Habits form situationally; situations occur to us in language

Habits all requires triggers that produce cravings for something we want, which largely happen in a particular context. It is not the things themselves, but rather how we relate to them, that causes the habits to form.

If you ask someone who simply finds sugar or smoking to be disgusting and gross about those statements, they will disagree. Those things have no appeal to them.

But why?

Because the trigger of the habit, as well as the reward that is craved, both exist in how things occur to us, and how things occur to us arises in language.

In Three Laws of Performance, the authors assert that “how people perform correlates to how situations occur to them”, and “how a situation occurs arises entirely in language.”

It turns out that underlying our habits is a basic occurrence about the world. The cookie looks good. The cigarette is relaxing.

What we say about the cigarette and the cookie is usually more of a statement about ourselves.

When we can’t see that we’re talking about ourselves, we can’t see what is in our power to change.

It is only through awareness that we become capable of making a choice. We must surface the things we were unaware of, or the things that go without saying, in order to evaluate them and decide if they still serve us.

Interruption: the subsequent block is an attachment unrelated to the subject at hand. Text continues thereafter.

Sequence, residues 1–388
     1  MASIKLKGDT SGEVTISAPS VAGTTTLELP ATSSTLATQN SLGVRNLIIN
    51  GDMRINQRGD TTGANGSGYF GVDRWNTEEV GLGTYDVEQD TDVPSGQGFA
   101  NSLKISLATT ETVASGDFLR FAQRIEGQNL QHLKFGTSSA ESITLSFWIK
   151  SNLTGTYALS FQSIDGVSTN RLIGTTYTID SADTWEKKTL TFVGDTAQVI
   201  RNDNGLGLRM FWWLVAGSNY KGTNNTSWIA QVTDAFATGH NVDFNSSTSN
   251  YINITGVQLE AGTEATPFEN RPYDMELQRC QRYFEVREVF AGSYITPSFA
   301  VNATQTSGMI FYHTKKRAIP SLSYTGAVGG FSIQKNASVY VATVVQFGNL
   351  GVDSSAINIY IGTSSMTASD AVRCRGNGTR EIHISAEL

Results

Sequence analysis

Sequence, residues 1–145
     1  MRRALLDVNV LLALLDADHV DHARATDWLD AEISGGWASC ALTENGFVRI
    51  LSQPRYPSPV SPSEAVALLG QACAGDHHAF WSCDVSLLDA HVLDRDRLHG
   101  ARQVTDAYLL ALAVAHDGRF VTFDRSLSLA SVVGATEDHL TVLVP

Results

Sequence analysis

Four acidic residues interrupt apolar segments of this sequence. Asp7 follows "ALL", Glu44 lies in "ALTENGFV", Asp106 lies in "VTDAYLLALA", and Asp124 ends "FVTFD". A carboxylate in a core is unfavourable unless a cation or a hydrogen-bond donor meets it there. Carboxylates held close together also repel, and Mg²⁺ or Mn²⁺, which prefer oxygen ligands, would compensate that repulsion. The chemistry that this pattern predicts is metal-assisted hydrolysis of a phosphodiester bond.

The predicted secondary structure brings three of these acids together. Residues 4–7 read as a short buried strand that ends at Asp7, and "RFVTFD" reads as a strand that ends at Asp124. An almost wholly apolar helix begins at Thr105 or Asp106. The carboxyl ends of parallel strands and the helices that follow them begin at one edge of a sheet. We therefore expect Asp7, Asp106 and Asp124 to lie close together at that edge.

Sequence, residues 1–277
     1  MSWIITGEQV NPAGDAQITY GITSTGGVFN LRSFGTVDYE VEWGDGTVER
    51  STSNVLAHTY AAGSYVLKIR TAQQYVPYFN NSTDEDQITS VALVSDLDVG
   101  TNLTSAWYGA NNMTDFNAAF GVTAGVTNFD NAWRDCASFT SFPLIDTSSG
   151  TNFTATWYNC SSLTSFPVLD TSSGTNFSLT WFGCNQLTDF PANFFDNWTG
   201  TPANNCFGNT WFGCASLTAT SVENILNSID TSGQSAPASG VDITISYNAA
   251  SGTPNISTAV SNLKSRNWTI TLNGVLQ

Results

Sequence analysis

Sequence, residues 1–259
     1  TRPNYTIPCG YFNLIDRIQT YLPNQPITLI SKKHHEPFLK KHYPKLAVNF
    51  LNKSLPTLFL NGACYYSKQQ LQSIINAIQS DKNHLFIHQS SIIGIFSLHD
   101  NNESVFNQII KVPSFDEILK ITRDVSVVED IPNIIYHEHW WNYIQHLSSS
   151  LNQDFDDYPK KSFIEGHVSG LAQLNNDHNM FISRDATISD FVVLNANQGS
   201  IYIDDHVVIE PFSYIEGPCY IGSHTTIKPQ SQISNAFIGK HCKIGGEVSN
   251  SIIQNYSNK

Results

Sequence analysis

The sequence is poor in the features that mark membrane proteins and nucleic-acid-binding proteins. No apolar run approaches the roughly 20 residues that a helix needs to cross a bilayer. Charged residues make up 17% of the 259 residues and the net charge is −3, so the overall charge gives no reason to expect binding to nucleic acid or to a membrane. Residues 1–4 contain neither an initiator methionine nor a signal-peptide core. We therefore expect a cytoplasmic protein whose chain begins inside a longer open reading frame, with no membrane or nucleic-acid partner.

Changing the language can change the habits

If our habits about the cookies and the cigarettes emerge from our relationship to those things, and our relationship to those things can be expressed in language, then it would follow that organizational habits also have to do with relationships that can be expressed in language.

And these relationships are largely conversations that happen between people, often in the form of behaviors. And those behaviors, as we showed above, change what we think about the things in our environment.

Conversations are not simply verbal or written. They also consist of gestures, facial expressions, posture, clothing, and anything else that is expressive and communicative.

All of these conveyances can be expressed, though often with some effort, in words.

In the same way as you can change your mind about smoking by simply changing your associations with it, you can change your mind about anything by surfacing and becoming aware of what’s going without saying.

In order to change the conversations, we have to put into words the underlying communications that happen in behaviors, and then evaluate the truth of those things, and see if they serve us.

It is not something you can do without creating trust.

Many leaders make themselves incapable of this kind of transformational work because they look at their team as people they want something from instead of people they want something for.

Until we deeply care about the people we work with as people, many of our change management techniques and programs will fail. Because we will never get to the root causes because the conversations that are happening don’t fundamentally change.